Brooke Moss, author of The What-If Guy is guest-posting for us! She is talking to the guy himself – Henry Tobler. To read my review of the book click here.

Thanks for having me here today! I’ve invited Henry Tobler, Autumn’s what-if-guy in my new novel, to talk to your readers today, I hope that’s Ok? He was very excited for the chance to meet some of his fans. So without further ado…let’s meet Henry!

So Henry, tell me a little about yourself:

Well, I’m Henry Tobler, I grew up in the San Francisco area of California, but now I live in Fairfield, Washington.

What are your hobbies?

I play the violin, though I’m a bit rusty. I’m working on forming a strings group at the school, so I can work on some fine arts with the kids. I also love art history, and could spend hours walking around an art show or a museum. There is something to be said about spending time with my dog, Sal, who is absolutely the worst fetch player you will ever meet.

What is your job and how did you come to do that?

I am a history teacher at Palouse Plains Junior High, and I absolutely love my job. I love the students I work with, and I am having a blast getting to know each of their families. I actually studied to be an art history professor, but changed my major during the last quarter of my senior year. I decided I wanted to work with kids, and I haven’t regretted that decision once. I love what I do.

Do you have an enemy or nemesis?

Naw….I don’t have enemies. I had a thorn in my side towards Autumn for a number of years, but that was because I never quite got over her. I was still harboring some pretty strong feelings for her.

What is the biggest challenge you face in the story?

I am going through an ugly divorce that has been dragging on for quite a while, and just ran into the one woman I never stopped loving. I want to be with Autumn, but I feel like I need to finish up my divorce before I do. But there is this magnet pull between the two of us that is damn near impossible to resist.

What is the one event that you feel has helped to shape your personality?

I’ve always wanted to work in a small school in a small town. For years, I resisted the urge, citing that the better money was in bigger schools in more lucrative cities. But my heart was in those smaller schools. When I made the decision to move to Fairfield and pursue work with a smaller school, I felt more alive than I had in years.

What is your earliest memory from your childhood?

I was fascinated by my mom’s print of a Jackson Pollock print. I would spend hours and hours looking at it. When I got older, I wanted to know about the artist. Where he was from, when did he die, stuff like that. I guess that inspired my fascination with historical art, and ultimately took me to Seattle to study after high school.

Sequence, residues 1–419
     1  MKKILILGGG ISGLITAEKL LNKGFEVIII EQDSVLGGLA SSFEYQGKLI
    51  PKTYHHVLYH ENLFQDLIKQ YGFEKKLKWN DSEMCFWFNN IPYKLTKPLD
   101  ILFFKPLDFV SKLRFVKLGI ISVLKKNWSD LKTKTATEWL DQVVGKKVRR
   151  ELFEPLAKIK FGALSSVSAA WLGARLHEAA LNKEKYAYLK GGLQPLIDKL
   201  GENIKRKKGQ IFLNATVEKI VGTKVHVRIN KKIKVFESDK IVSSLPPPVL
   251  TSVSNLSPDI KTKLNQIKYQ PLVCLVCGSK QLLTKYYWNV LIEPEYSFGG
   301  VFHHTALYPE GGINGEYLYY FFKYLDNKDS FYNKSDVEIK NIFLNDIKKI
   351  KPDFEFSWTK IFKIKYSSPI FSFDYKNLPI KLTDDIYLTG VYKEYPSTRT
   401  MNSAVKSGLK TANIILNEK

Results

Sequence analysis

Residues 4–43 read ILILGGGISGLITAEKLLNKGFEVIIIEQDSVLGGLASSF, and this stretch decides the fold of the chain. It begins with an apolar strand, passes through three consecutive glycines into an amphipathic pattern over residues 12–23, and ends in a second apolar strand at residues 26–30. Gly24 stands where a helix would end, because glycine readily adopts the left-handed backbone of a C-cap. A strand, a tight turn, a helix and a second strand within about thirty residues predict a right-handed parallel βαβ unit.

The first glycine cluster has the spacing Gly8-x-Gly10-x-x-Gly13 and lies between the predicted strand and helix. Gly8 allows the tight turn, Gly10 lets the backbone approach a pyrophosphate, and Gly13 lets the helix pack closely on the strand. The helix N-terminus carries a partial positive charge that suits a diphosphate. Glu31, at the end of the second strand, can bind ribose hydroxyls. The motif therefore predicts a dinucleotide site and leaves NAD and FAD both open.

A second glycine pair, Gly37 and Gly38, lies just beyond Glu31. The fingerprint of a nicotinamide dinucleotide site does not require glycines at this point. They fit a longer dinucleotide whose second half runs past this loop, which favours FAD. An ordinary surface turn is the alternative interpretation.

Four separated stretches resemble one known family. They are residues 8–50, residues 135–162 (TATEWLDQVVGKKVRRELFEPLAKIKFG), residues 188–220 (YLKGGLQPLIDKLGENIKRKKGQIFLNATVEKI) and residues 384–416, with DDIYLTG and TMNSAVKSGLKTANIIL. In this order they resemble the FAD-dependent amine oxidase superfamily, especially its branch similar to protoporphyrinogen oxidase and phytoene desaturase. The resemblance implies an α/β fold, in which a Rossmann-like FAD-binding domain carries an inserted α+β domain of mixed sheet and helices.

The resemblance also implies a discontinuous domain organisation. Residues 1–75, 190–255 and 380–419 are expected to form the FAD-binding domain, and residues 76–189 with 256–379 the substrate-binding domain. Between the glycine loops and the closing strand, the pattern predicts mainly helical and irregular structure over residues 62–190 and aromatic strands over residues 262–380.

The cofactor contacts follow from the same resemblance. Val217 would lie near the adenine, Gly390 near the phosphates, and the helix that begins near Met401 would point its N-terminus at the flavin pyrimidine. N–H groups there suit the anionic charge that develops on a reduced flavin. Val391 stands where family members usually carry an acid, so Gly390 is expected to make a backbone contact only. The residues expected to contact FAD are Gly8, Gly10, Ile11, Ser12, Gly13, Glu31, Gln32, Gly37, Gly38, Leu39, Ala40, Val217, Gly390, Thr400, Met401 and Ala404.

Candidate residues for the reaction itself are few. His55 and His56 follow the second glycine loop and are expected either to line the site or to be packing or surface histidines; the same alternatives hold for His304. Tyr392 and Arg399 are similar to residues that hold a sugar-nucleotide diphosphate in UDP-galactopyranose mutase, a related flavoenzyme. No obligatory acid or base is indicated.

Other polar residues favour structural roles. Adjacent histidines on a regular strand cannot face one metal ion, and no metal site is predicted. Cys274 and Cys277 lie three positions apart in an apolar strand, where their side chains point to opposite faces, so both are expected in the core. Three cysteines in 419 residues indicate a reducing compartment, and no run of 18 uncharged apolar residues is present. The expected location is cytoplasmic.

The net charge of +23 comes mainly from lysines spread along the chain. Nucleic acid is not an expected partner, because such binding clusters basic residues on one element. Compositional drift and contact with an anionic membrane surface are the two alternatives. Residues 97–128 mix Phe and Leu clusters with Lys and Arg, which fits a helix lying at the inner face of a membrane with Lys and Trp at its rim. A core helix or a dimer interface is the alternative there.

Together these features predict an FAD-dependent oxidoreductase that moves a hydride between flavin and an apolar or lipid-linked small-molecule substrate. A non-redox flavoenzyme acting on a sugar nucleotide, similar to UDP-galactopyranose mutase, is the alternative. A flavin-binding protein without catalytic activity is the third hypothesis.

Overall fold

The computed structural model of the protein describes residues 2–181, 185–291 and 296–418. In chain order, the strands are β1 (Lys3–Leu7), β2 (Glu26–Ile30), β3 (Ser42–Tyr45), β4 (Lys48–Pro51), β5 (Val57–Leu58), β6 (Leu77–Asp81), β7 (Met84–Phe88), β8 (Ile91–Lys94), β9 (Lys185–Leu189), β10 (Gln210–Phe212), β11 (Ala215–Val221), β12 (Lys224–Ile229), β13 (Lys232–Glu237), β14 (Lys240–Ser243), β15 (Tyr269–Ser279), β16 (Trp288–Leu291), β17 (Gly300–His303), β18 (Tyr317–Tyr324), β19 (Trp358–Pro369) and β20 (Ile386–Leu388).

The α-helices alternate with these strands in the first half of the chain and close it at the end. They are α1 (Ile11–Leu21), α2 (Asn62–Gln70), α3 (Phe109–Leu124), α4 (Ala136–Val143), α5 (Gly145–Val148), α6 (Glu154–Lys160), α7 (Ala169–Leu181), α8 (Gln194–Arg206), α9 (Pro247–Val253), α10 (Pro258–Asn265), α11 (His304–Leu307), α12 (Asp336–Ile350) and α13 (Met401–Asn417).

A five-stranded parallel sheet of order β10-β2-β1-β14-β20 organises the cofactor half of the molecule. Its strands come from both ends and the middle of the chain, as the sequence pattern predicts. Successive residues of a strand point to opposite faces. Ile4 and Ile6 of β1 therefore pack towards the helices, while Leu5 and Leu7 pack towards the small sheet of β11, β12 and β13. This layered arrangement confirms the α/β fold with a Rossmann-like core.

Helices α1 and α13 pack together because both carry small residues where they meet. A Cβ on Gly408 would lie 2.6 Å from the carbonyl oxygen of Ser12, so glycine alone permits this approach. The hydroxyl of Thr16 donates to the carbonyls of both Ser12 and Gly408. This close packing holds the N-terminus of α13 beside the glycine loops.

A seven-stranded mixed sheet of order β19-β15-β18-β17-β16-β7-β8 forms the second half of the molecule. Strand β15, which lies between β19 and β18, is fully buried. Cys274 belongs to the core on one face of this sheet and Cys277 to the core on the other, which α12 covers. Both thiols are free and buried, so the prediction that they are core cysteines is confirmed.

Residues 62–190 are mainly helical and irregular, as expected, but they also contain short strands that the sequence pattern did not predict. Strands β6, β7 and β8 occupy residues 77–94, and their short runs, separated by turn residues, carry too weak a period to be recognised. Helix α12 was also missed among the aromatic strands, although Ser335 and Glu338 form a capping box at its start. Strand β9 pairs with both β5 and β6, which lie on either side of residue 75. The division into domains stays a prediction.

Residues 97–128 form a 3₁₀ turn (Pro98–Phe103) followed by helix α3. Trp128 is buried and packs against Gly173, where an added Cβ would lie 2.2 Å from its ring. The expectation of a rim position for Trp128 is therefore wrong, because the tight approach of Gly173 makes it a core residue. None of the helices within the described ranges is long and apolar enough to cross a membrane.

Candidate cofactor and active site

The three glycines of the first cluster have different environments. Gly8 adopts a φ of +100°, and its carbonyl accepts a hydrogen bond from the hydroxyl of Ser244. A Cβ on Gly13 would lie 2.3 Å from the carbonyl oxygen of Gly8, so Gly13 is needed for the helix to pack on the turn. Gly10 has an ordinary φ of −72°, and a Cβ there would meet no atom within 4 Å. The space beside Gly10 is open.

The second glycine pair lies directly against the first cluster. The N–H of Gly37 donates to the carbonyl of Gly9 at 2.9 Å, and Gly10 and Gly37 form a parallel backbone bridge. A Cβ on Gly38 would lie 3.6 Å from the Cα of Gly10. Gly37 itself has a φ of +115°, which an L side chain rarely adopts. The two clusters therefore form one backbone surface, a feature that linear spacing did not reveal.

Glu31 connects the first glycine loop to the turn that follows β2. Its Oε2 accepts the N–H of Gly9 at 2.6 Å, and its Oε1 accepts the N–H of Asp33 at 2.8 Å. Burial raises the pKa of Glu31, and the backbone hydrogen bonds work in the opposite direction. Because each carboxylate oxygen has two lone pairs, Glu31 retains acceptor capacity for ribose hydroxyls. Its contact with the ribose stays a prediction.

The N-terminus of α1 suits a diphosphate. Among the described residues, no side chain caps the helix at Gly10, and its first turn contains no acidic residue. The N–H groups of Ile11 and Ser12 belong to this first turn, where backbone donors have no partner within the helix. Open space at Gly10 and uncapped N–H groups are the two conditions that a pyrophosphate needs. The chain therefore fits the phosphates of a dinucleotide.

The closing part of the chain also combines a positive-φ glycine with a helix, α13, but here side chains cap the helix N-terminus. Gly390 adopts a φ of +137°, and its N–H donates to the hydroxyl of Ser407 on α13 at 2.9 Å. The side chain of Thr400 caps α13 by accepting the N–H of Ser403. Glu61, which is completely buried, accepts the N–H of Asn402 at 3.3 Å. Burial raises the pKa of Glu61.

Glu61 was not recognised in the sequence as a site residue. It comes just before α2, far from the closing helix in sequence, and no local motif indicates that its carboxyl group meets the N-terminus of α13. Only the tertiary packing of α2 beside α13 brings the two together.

Are you involved in a romance?

That’s hard to say….sort of. I mean, I’m trying to resist, but I can’t. My heart belongs to Autumn. It always has.

Beer or wine?

There’s nothing better than a Samuel Adams after coming home from a long day of student’s passing notes and trying to text message during class.

Favorite Sports Franchise? (if applicable)

Well, don’t tell old Billy Cole this, as he is pretty obsessed with the Seattle Mariner’s, but I am a die hard 49ers fan.

What is the one thing you want the most in the whole world?

I want Autumn, Elliott, and I to be a family.

If you could say one thing to your readers, what would it be?

Never pretend to love someone. If your heart belongs to someone, replacing them with the nearest willing body will not take the longing out of your heart. Your heart wants who it wants, period.

If you could say one thing to your author, what would it be?

Does Brooke Moss really think I resemble Gerard Butler so much? I’ve always thought I resembled Eric Bana.

It sure was cool to revisit my character today. I’m thrilled to be sharing my debut novel, The What If Guy with the world! It tells the tale of single mother, Autumn Cole, who is returning to the miniscule town of her youth, to reluctantly reclaim her role as daughter of the town drunk. Her life becomes even more complicated when she realizes that her son’s history teacher is the college sweetheart she dumped but never forgot. I look forward to hearing from all of my readers, to find out what they think of The What If Guy.

The What If Guy is available at Amazon, B&N, Books On Board, and at your local bookseller. A special thanks goes to Entangled Publishing for their amazing prizes and giveaways. Thanks guys!

 

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As promised: the interview with author Andrew Oberg and the review of his superb book Randolph’s One Bedroom.

Interview:

1.       Tell us a bit about yourself